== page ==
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>Labor’s Carbon Tax is really a redistribution of income scam

>Julia Gillard’s freakish political contortion, the likes of which have probably never before been seen in Australian politics, of breaking an election promise to not introduce a carbon tax, bowing to the radical Greens and then introducing a carbon tax can have no other outcome than increase the size of the Australian deficit and reduce employment.

Let’s assume that the amount raised from power companies by the carbon tax each year is $10 billion.

There are a number of groups that will be especially hurt by an increase in power prices – those at the low end of the income spectrum, trade exposed industries whose position against overseas competition will be damaged and small business, which seems to be a forgotten factor in the conversation so far.

It’s clear that the government can’t compensate all groups affected so let’s assume that they distribute the money to low income earners. Note that they are on record as saying that the money will not simply go into Treasury coffers so let’s also assume that it joins the short list of promises kept by this government since being elected in 2007.

The tax is introduced in 2011 and low income workers rejoice as they see the effects in their bank balances. They then feel the pain when they get their utilities bills but, being conscientious with their money and in no way tempted to buy more grog or smokes or stick it in the pokies or back something to beat Black Caviar*, they pay what they owe. So there’s no impact on them.

Power companies now have an incentive to reduce the amount of CO2 they produce, which is the whole point of the exercise and so they invest in clean technologies that have the effect of reducing CO2 emissions to zero thus fulfilling the government’s ambition.

Can you see the problem?

At this point the government will raise no money at all from taxing so-called ‘carbon pollution’, the cost of power will not be reduced due the investment made by power companies that needs to be paid for meaning that low income households will still need financial support to meet their utilities bills.

So the government now has a $10 billion hole in its budget. Is it going to fill the void by raising taxes or by increasing the deficit? Either way, the impact on employment is negative.

And while all that has been going on our trade exposed industries have been shedding jobs at a terrific rate to countries that are not bound by the onanistic impulses of the climate brigade.

So let’s give all of the money to trade exposed industries instead of low income workers.

The government gets stuck in the same cycle. When the power companies clean up their act the government will need to maintain support for trade exposed industries otherwise there’ll be a massive loss of jobs in a short time frame to overseas competitors. Not a palatable outcome for any politician.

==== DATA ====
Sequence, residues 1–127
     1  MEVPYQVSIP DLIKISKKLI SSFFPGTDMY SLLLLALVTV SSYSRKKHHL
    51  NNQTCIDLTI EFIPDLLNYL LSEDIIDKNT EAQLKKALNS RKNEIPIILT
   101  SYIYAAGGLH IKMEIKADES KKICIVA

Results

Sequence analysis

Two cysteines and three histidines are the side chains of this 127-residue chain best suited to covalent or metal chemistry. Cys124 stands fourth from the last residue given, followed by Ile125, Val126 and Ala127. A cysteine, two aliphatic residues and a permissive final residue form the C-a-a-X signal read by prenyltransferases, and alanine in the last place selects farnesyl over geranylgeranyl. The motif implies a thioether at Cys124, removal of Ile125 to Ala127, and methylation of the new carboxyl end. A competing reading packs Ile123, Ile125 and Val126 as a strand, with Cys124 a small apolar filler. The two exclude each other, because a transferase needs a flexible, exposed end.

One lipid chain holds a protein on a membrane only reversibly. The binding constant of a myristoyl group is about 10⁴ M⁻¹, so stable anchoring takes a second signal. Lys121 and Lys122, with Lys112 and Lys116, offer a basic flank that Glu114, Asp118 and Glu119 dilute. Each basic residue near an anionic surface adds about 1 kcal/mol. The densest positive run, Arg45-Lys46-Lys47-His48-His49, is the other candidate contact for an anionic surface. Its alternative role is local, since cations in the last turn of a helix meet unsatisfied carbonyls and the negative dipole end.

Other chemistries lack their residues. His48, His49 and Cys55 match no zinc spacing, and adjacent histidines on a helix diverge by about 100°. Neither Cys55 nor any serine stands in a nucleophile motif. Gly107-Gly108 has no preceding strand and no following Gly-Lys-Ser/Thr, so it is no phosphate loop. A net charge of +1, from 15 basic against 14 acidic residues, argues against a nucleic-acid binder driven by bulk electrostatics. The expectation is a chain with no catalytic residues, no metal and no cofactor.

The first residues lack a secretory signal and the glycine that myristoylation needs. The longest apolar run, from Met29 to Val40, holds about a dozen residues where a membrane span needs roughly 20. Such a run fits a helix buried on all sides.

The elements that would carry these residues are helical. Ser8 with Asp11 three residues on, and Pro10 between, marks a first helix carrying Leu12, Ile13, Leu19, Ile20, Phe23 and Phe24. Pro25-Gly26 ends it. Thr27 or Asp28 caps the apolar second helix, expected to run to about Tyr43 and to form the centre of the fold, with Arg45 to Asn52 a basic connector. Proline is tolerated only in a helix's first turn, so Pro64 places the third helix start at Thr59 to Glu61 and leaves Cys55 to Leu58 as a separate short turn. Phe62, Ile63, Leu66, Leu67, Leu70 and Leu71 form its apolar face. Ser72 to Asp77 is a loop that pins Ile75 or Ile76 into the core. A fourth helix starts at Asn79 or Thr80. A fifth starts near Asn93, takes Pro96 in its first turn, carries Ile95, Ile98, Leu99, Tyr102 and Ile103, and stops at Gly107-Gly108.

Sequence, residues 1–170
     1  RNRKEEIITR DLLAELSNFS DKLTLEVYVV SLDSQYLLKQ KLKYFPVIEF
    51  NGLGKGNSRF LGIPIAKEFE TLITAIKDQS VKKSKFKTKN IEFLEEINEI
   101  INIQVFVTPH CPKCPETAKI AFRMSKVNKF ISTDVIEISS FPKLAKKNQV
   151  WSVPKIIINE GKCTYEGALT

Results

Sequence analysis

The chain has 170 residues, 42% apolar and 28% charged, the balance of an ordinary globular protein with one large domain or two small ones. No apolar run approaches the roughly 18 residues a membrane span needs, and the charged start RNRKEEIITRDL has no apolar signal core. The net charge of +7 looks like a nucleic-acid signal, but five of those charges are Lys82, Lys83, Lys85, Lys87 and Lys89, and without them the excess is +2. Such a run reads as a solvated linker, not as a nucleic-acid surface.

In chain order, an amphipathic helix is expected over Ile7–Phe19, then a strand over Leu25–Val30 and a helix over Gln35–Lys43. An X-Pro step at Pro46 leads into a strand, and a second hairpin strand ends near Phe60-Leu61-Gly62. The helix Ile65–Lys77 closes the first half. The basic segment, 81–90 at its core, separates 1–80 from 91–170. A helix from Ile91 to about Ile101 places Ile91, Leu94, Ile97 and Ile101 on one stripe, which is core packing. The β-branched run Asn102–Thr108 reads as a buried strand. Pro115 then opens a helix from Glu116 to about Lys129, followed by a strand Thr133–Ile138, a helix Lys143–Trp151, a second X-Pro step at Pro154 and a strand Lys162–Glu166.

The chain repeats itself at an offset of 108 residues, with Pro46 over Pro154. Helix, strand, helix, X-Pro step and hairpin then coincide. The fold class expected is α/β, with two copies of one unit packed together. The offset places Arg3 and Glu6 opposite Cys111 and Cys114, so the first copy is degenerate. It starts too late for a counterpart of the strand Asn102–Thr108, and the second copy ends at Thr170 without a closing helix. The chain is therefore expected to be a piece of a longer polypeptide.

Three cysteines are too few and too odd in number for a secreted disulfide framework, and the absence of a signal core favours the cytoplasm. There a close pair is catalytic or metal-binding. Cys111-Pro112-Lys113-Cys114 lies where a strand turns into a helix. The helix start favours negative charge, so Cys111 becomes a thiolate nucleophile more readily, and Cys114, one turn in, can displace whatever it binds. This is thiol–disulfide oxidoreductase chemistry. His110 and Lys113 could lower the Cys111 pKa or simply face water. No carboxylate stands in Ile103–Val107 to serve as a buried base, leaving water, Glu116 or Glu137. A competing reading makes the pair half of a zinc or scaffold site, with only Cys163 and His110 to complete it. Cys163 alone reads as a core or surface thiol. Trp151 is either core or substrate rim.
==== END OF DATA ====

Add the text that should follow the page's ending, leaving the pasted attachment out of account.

And all the while small business is getting hammered and is shedding jobs.

So here’s Labor’s dirty, little secret. I’m going to shout it at you so that you can take it in.

Labor’s carbon tax CAN ONLY WORK IF POWER COMPANIES NEVER REDUCE THEIR CO2 OUTPUT.

The government knows this, of course, which is why it’s just a great, big, redistributionist scam but it also knows that its allies in the mainstream media won’t point it out to the voting public any time soon.

The result will be that the tax will be in place before an emissions trading scheme is introduced, which the government expects will continue to provide the revenue it needs.

And bad luck to the people who lose their jobs because of it.

* I don’t live in this world, either, but the good folk who create government budgets surely must.

(Nothing Follows)


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>Fear of religion actually means fear of Islam

March 21, 2011 5 comments

>Australia’s Human Rights Commission, an unneeded organisation if ever there was one, has released a report saying that there’s a general fear of religion in the community.

By way of example they use only Islam to make their point, as outlined below in this piece from The Australian:

THERE’S a pressing need to use education to reduce ignorance and fear about religions in Australia, a new report says

It said there is a current anti-Muslim discourse that suggests entrenched hostility which is often related to overseas events.

The report, entitled Freedom of Religion in the 21st Century, was prepared for the Australian Human Rights Commission.

The researchers said some Christians fear the introduction of sharia law in Australia and believe that governments appease Muslim communities by giving Islam preferential treatment.

Some people told the researchers that evangelical Christians demonise Muslims partly because of “high levels of ignorance by churches about Islam”.

It also said some Muslim children see themselves as outsiders because they see their religion vilified at every turn.

“They see how they are viewed as Muslims, which in turn affects how they view themselves,” the report said.

The report’s conclusion said the commission needs to “foster a discussion about the place of religious rights along side other rights”.

It said the commission must allow “for the view to be heard that religious rights are absolute, and then to allow that view to be tempered by other views”.

It urges religious leaders to play a key role in overcoming ignorance about religion in the community.

There are currently only three groups who have issues with religion:

1. Anyone with half a brain who understands that more than 90% of the world’s terrorist attacks (excluding in Iraq and Afghanistan) are carried out in the name of one religion – Islam – in order to promote Sharia and create a new Ummah and is wary of all of those who say that it’s a small minority that carry out the attacks and they don’t represent the religion.